Georgia marks first US state approved to privatize Medicaid coverage enrollment

Last modified October 16, 2020. Published October 16, 2020.
Georgia Gov. Brian Kemp, left, and Centers for Medicare and Medicaid Services Administrator Seema Verma sign health care waivers at the state Capitol in Atlanta, Thursday, Oct. 15, 2020. Georgia's plans would provide Medicaid access to adults who make less than poverty level incomes who meet work requirements, and leave private brokers as the only avenue to buy federally-subsidized private insurance for people with above-poverty incomes. (AP Photo/Jeff Amy)

Georgia Gov. Brian Kemp, left, and Centers for Medicare and Medicaid Services Administrator Seema Verma sign health care waivers at the state Capitol in Atlanta, Thursday, Oct. 15, 2020. Georgia's plans would provide Medicaid access to adults who make less than poverty level incomes who meet work requirements, and leave private brokers as the only avenue to buy federally-subsidized private insurance for people with above-poverty incomes. (AP Photo/Jeff Amy)

Georgia is set to become the first U.S. state to offer federally subsidized health insurance exclusively through private companies, after the federal government approved the state’s controversial plan Thursday.

Under the state’s proposal, which is set to be fully implemented by January 2023, Georgians who are eligible to enroll in Medicaid will no longer be allowed to use the federal website Healthcare.gov to do so. Instead, they will be required to go through private brokers, websites and health insurance companies. 

The state’s Republican governor, Brian Kemp, said private providers would provide more extensive health care options and better service than the government. 

“We have worked with a team of experts and the Trump administration to develop a Georgia-centric health care plan that provides access to health insurance for the first time to hundreds of thousands of Georgians, and makes it affordable for millions more,” Kemp said on Thursday. 

Democratic opponents argued that the bill’s banning of Healthcare.gov will mean that the roughly 500,000 Georgians who currently use the site to enroll in health insurance will be left with fewer options, and that private health care companies will use the bill as an opportunity to sell non-federally compliant plans to customers looking for lower premiums.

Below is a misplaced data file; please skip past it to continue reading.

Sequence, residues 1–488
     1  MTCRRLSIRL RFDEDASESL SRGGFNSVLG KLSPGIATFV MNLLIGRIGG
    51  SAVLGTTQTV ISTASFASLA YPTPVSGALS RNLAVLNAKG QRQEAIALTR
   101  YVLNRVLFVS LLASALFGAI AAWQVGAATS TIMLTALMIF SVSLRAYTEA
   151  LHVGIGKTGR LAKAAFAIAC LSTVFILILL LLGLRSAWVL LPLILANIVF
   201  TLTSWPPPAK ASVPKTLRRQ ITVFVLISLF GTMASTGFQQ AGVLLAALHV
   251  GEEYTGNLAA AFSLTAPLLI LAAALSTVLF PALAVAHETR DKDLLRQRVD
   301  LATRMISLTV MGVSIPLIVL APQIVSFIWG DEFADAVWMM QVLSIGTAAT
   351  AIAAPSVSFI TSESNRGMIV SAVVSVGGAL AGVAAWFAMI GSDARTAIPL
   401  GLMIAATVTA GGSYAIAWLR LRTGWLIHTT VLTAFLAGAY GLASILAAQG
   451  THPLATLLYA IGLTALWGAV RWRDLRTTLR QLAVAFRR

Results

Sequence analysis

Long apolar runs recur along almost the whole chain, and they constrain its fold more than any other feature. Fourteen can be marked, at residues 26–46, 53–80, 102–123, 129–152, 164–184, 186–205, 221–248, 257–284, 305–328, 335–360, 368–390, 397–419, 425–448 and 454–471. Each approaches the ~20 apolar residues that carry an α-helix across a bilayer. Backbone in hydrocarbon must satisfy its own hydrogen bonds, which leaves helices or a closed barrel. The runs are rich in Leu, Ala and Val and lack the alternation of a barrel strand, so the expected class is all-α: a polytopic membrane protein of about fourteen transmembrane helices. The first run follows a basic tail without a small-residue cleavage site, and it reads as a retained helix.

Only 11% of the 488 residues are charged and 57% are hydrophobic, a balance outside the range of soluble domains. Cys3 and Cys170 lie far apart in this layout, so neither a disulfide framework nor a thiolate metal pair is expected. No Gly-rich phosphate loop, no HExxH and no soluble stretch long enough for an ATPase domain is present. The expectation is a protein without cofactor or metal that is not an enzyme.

The plan also imposes a controversial requirement that nondisabled adults must work, volunteer or enroll in job training or school in order to be eligible for Medicaid coverage, a measure opposed by Democrats. The work requirement measure is similar to others passed in states such as Arizona and Arkansas, though those are currently subject to legal challenges. 

“These changes will disproportionately impact low-income, rural and communities of color in Georgia,” saidGloria Butler, a Democratic state senator opposing the bill. “It is not only unconscionable, but a very bad economic scheme. Georgia will lose billions of dollars.” 

Stacey Abrams, who narrowly lost the 2018 governor’s race to Kemp, called the bill a “health care scam” Thursday. 

Seema Verma, head of the Centers for Medicaid and Medicare Services, approved a waiver Thursday that is a key step in implementing the bill. 

“President Trump has long understood that states should have maximum flexibility over their own health care programs, because innovative leaders like Governor Kemp know their states and have good ideas worth testing,” said Verma at a press conference in Atlanta. “I’m thrilled to support this comprehensive state-led reform that will help thousands of working adults in Georgia gain access to coverage for the first time in a way that addresses both their health and socioeconomic needs.”

Yet Verma warned that the plan will face legal challenges, according to the Georgia Recorder, saying that opponents will “weaponize” the legal system. 

If Georgia’s plan makes it past legal challenges, it is likely to set a precedent, meaning that other red states may seek to implement similar provisions. 

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